Recent News

Victor, you and your co-author Michael Albertus have a new book. What is it about? Yes, we examine what happens when authoritarian systems of government transition to democracies. How does this process occur and what are the consequences? For example, since World War II, the outgoing authoritarian regime has drafted the new democratic constitution in over... Read more
Prof. Parker and colleague Henry Fernandez write an opinion piece on The Hill web site about why a stronger black voter turnout can be a win for the Democrats. They first note that black and white “…are not far apart on alleged “wedge issues” like gun background checks, Roe v. Wade, and LGBTQ marriage equality. Even where there is stronger support among blacks than whites, like for a national $15 minimum wage; expanding access to health care; and raising the threshold for when police can legally use deadly force, these issues are still supported by a majority of white voters.” But what can... Read more
Prof. Aseem Prakash and colleague Nives Dolsak report that climate change is already unfolding and use their city of Seattle, for the past two summers, as an example. “Seattle is supposed to be the emerald city. Always green and sparkling….Seattle’s air quality has been worse than in Delhi or Beijing. The summer air quality in the state of Washington is now among the worst in the lower 48 states.” In order to effectively adapt to change there needs to be cooperation between federal and state entities to manage forests.  On the private side, environmental organizations and timber companies... Read more
Professor Jamie Mayerfeld writes an opinion piece in the Just Security web site about the U.S. using enhanced torture techniques in contrast to what the Constitution says about treaties.   When the Bush administration authorized "enhanced interrogation techniques" against foreign suspects, one of its justifications was the claim that international law has limited authority over the United States. President Trump's Supreme Court nominee Brett Kavanaugh shares this approach to international law, a matter that should concern us, given Trump’s promise to “bring back waterboarding and …... Read more
Prof. Mark A. Smith
You have just returned from your sabbatical, and it seems to have inspired you? Yes, I did a lot of reading and thinking about “post-truth” politics and how many people today seem to think that truth is whatever feels true within their own filter bubbles. What is a filter bubble?The concept refers to how easy it is for all of us to seek out information that confirms our beliefs and people who agree with us. We are then inclined to equate this consensus among our sources with “truth.” OK, how do we separate fact from fiction? The first goal of the class is to review what scholars have learned... Read more
UW graduate students Mathieu Dubeau (Political Science) and Lee Fiorio (Geography) have recently published an article in New Politics documenting the particular difficulties facing the Seattle area. In 2017, Amazon, like many other corporate giants, effectively paid zero in state income tax despite their profit expanding exponentially since 2008. Additionally, the income for the working class stagnated and all these factors caused overproduction and under-consumption. To worsen this, Seattle's median housing price has just surpassed $700,000, the average rent for a one-bedroom apartment is... Read more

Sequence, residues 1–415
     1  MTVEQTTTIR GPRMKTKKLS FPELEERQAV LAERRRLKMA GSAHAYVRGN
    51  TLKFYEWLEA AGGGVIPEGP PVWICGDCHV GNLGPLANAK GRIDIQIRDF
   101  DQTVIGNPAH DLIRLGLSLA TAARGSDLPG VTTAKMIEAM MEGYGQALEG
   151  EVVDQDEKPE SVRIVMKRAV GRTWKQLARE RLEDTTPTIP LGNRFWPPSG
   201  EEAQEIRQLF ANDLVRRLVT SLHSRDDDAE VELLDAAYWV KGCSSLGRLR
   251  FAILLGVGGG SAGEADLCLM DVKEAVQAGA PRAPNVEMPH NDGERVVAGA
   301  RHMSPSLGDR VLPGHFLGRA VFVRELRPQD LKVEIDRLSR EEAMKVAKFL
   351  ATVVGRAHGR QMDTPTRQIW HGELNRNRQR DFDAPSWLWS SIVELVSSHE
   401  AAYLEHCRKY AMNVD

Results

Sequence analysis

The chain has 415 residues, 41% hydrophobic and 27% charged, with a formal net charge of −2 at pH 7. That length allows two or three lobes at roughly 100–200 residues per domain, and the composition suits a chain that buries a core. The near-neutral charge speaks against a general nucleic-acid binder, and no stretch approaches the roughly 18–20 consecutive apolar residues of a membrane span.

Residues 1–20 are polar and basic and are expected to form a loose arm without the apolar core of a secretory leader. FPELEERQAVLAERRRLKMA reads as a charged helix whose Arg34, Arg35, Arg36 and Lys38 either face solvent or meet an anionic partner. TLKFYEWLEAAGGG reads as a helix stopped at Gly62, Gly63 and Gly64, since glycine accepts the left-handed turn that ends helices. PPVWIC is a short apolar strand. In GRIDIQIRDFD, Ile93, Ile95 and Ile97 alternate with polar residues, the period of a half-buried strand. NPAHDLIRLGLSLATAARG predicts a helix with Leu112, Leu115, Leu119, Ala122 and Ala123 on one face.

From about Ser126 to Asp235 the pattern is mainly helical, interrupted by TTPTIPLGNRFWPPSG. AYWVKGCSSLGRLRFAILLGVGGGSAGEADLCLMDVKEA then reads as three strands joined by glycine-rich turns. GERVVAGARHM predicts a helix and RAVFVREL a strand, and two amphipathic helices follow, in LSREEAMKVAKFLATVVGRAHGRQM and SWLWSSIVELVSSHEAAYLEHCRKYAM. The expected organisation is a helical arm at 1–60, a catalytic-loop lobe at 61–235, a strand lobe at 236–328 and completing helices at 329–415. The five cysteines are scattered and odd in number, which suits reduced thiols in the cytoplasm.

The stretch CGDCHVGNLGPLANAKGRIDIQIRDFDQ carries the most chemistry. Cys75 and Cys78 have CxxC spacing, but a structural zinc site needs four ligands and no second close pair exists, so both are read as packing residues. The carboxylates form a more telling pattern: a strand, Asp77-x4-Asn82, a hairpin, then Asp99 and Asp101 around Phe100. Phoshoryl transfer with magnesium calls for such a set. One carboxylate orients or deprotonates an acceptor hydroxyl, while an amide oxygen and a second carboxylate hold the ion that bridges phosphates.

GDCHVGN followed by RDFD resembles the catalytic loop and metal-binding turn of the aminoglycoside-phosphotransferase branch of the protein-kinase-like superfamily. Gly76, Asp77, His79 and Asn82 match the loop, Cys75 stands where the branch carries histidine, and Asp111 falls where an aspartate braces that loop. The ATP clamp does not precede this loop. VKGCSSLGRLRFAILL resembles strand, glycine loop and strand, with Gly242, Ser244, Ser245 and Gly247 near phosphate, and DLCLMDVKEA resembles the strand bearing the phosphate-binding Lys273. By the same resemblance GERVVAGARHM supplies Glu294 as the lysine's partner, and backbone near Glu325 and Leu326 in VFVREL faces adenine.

Political Science Lecturer Scott Lemieux writing for the Vox web site states six myths about Roe v. Wade and why they are incorrect The first reason that they claimed is that Roe was only based on the emanations and penumbras in the Constitution. However, Justice Harry Blackmun's opinion for Roe was grounded in the 14th Amendment's concept of personal liberty and restrictions upon state action. Additionally, others believed that Roe made states impossible to regulate abortion. while it was true that Roe itself forbade most state regulation of abortion prior to second “trimester", but Planned... Read more
Political Science Professor Christopher Parker, along with colleagues Robin DiAngelo (UW) and Diana Mutz (U-Penn), are interviewed for their research into how racial resentment played a factor in turnout for President Trump. Contrary to a common theme that economic anxiety was not the reason for people voting for Trump but racism in the respect of a fear of loss of power in society. Most of the data suggests that Trump got many college education white votes, who are better off as a group, than less well-off white voters. So, the economic concerns argument doesn’t stick.   For the full radio... Read more
“Elite-biased democracy,”  Albertus and Menaldo wrote, “is a regime in which free and fair elections are paired with institutional devices that codify the rights and interests of the economic elites that were favoured under the former authoritarian period.” In Daily Maverick: In Hong Kong Free Press:... Read more
Congratulations to Caleb Huffman. The Population Health Initiative has awarded Population Health Recognition Awards to four students participating in the annual Library Research Award for Undergraduates. Award winners were chosen based on the quality of their writing and how well they connected their work to the theme of population health. From the site description Homicide hotspots are shown to be intensified by the introduction of open-air drug markets. Although the introduction of an open-air hotspot is not necessary for... Read more